Professor Mazower is wonderful. If you have him, you are really lucky. Even those with major schedule conflicts with the class in the second semester decided to stay. I would try to keep this class no matter what. Instructor is really important in making your core experience great, and Professor Mazower is one of your best bet. Mark is able to synthesize and analyse material in its historical context and significance, and he charmingly brings them together with other texts we've read. Moreover, we often relate what we read to the real world, and you can expect a lively discussion that engages everyone. Also, he is really understanding that we have a lot of work to do, and he often gives us quick time in class to do close-reading. This helps a lot especially if you read the text half asleep the night before. The paper topics were mixed. Some were fun, and others were pretty standard. I enjoyed writing the papers a lot first semester. But this semester, he changed the syllabus a lot and we only have one paper for a take-home midterm... the structure seems a bit bizarre for this semester, but I am not worried too much because this class is amazing!
Mark Mazower is unbelievable. He is by far the most amazing teacher I have ever encountered. Every lecture is fascinating, and he synthesizes all of the information together so well. Take this class! - or any class with him; i'm sure they're all incredible. He is absolutely brilliant, and very passionate about his subject. I have taken European history before, but he offers a new way of looking at things and synthesizes it all together so well. The syllabus is great, too. I am continually inspired by his lectures everyday, and I've decided to major in history because of him. I can't really do him justice in this review, but he's amazing, brilliant, fascinating, incredible, inspiring...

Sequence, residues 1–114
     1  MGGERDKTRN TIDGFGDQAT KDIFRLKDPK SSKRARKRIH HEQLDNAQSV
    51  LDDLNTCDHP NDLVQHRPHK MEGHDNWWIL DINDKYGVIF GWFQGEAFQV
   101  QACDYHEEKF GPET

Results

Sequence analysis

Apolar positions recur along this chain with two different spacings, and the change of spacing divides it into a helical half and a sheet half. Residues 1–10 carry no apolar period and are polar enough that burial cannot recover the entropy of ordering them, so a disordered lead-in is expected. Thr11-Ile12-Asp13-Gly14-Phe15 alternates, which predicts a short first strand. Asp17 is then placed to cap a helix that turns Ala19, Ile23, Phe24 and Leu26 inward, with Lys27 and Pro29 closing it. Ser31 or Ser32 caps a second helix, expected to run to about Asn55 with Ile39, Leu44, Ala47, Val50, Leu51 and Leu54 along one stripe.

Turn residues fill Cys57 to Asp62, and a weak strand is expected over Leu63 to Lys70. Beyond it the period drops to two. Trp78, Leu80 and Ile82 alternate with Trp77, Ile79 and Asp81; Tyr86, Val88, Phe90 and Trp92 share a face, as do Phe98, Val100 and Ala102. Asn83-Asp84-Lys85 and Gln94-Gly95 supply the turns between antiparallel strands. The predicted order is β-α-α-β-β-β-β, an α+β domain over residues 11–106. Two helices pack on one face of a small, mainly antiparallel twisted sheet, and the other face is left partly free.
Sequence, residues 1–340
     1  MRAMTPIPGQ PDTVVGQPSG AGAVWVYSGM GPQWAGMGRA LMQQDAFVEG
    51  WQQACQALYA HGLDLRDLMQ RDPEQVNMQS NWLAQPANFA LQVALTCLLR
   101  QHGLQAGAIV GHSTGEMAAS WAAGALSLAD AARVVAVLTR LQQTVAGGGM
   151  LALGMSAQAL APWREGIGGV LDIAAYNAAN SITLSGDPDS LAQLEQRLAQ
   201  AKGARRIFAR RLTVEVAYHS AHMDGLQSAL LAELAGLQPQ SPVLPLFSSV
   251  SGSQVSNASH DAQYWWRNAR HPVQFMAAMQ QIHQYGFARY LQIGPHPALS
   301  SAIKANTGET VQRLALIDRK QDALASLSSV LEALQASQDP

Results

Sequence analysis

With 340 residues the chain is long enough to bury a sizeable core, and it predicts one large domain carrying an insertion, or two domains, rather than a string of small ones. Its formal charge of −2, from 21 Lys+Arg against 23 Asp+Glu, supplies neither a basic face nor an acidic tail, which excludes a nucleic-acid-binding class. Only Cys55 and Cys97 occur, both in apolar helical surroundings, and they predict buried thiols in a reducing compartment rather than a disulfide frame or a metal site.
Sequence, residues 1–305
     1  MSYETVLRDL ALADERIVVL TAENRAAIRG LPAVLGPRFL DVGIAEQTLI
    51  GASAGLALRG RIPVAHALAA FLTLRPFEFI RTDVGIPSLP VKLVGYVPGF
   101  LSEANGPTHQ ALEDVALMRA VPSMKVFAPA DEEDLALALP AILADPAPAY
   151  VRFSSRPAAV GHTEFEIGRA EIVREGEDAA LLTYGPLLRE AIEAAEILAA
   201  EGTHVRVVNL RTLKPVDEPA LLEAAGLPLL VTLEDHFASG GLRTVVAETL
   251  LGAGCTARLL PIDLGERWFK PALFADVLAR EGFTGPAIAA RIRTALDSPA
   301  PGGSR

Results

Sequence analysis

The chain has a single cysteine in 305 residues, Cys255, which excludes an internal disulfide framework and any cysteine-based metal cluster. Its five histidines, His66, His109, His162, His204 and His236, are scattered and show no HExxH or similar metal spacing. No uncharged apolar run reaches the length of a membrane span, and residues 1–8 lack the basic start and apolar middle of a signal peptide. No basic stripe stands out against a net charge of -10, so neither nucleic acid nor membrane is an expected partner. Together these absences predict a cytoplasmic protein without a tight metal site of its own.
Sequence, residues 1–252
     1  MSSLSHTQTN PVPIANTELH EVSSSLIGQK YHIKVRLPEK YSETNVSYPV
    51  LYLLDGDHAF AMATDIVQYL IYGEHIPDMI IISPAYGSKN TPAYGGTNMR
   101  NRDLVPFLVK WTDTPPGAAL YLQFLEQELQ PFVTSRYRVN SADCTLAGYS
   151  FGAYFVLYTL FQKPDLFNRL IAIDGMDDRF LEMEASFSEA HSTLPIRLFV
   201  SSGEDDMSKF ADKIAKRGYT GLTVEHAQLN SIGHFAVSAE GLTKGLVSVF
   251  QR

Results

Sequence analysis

Mazower is a brilliant professor and it's a shame he has only just joined Columbia's history department. His Balkan's class is difficult because it covers such a broad period of time concerning history one has likely never heard before, but don't let that deter you from taking this class. He does a remarkable job weaving the picture together, as well as reminding the student that history is subjective and changing. The class is really great both in the amount of knowlege and information, but also to how this subject applies to understanding history. On the personal side he was just as good: he read over all the TA's grading of his mid-term assignment and was willing to talk to me and my classmates about the paper. I have no doubt his popularity will grow over time.
Excellent Professor. One of the best lectures I've had at Columbia. He really knows his stuff and he also did extensive travel to the Balkans. Lectures are very well prepared and easy to follow. He presents in a straightforward manner with som eof his personality mixed in. Excellent course if you have even the slightest interest in the Balkans.
The new hot-shot history professor at Columbia this semester, Prof. Mazower lived up to his reputation. His lectures were consistently engaging, and often included personal anecdotes about his own experiences in the Balkans. The main flaw of the course is that it covers 200 years of history for an area that had TONS of stuff happening. However, given that the Balkans are so seldom taught at all, there is really no way around this for Prof. Mazower. He works with what he is given very well. One comes out feeling like one has a real grasp on the history of the time. He does a good job picking out the most interesting and important points, and manages to impart tons of information without ever going over time (he periodically goes under it) or simply droning on and on. Indeed, he includes a number of interesting anecdotes from history beyond the straight facts that really add some feeling of the personalities of the time. Overall, a great professor.